(AsiaNews/Agencies) - Nagasaki called on world leaders today to conclude a
treaty banning nuclear weapons at a ceremony marking the 67th anniversary of 'Fat
Man,' the codename for the atomic bomb that destroyed the city (the bomb that devastated
Hiroshima on 6 August was codenamed 'Little Boy'). "The international community
must act now by taking the first concrete steps toward concluding the Nuclear
Weapons Convention," Mayor Tomihisa Taue said. He also expressed his
city's solidarity with the victims of last year's Fukushima nuclear disaster, survivors
as well as relatives now facing hardships.
his address, Mayor Taue also called on the central government to address the
"serious challenge" presented by North Korea's nuclear arms threat. In
a speech, Prime Minister Yoshihiko Noda declared that Japan has a
"responsibility" to encourage countries and the international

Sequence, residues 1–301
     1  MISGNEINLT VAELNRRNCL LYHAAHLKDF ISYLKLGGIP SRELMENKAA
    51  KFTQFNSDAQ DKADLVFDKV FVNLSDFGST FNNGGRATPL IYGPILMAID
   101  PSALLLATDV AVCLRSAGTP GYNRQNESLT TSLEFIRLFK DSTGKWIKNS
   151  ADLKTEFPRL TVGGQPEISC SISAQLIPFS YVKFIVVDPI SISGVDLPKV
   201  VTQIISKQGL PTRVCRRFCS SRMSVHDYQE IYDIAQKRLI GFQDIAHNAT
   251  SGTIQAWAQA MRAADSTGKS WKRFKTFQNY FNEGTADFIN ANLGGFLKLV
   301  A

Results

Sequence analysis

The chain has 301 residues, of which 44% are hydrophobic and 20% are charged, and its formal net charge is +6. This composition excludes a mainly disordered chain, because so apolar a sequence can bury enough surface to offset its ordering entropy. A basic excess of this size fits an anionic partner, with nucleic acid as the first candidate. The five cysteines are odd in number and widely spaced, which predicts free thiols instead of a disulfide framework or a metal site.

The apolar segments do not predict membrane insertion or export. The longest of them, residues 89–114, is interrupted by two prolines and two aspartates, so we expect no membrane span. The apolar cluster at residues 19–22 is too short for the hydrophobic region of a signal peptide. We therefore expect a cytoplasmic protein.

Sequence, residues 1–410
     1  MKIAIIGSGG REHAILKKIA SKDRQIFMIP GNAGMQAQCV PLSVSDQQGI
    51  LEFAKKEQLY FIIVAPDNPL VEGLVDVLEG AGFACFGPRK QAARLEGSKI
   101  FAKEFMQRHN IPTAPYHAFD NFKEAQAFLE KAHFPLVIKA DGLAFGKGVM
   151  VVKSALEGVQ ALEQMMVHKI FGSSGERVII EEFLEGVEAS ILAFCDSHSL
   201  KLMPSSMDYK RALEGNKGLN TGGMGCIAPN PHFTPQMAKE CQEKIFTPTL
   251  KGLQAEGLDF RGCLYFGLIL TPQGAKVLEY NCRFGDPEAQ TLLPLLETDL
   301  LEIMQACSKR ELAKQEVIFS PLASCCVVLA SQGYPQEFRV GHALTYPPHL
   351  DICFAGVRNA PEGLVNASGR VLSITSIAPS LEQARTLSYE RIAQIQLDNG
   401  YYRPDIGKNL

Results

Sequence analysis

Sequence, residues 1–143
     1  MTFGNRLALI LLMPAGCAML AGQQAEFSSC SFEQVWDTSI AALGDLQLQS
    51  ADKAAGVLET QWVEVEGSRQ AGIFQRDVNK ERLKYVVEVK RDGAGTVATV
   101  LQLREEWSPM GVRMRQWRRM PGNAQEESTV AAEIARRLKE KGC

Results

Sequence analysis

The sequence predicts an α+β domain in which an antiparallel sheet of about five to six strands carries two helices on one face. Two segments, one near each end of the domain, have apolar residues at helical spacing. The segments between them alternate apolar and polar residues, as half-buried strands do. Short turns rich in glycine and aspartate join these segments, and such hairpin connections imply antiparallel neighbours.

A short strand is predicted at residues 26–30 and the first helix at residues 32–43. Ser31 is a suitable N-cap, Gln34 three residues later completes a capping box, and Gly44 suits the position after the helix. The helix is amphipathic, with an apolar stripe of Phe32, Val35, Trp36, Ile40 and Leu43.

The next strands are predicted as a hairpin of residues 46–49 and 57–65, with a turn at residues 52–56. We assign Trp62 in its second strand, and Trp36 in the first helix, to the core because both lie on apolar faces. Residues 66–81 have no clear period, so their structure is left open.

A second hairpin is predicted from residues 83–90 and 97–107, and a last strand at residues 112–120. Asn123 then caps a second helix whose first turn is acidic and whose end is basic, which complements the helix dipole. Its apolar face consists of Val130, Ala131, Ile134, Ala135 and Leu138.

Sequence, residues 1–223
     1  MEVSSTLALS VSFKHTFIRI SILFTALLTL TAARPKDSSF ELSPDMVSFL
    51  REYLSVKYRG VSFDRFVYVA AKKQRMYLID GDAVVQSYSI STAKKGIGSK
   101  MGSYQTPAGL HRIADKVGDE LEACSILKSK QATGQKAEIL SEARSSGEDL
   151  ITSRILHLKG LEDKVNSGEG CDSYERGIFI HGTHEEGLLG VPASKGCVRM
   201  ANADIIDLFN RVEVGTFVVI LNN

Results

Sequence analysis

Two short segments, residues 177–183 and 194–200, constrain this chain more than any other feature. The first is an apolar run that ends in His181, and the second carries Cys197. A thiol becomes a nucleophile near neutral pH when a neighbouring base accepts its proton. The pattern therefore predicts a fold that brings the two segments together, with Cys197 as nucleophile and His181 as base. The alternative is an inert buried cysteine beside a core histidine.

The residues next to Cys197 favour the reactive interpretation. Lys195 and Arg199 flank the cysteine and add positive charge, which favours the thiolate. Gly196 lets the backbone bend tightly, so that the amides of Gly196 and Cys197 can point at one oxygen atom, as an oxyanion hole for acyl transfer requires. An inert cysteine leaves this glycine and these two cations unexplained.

community to eliminate their nuclear arsenals.
the first time, US Ambassador John Roos attended the ceremony along with
representatives from about 40 countries. Roos did attend Hiroshima's annual
peace ceremony before, but never Nagasaki's. Both mark the atomic bombs dropped
by the United States that ended the Second World War in the summer 1945.
In Nagasaki, up to 80,000 people
were incinerated in the blast or died from radiation-related illnesses by the
end of 1945. The number of officially recognised Nagasaki hibakusha, the surviving
victims of the atomic bombings, stood at 39,324 as of March, with an average
age of 77 and half years.
In an explicit reference to the March 2011 nuclear
disaster in Fukushima, Mayor Taue called for a society "free
from the fear of radioactivity." He is the first Japanese mayor to call on
Japan to move away from nuclear energy and promote instead new energy sources
in place of nuclear power.
also called for action on the radioactive waste that has piled up, and pledged
that Nagasaki would "continue to support the people of Fukushima".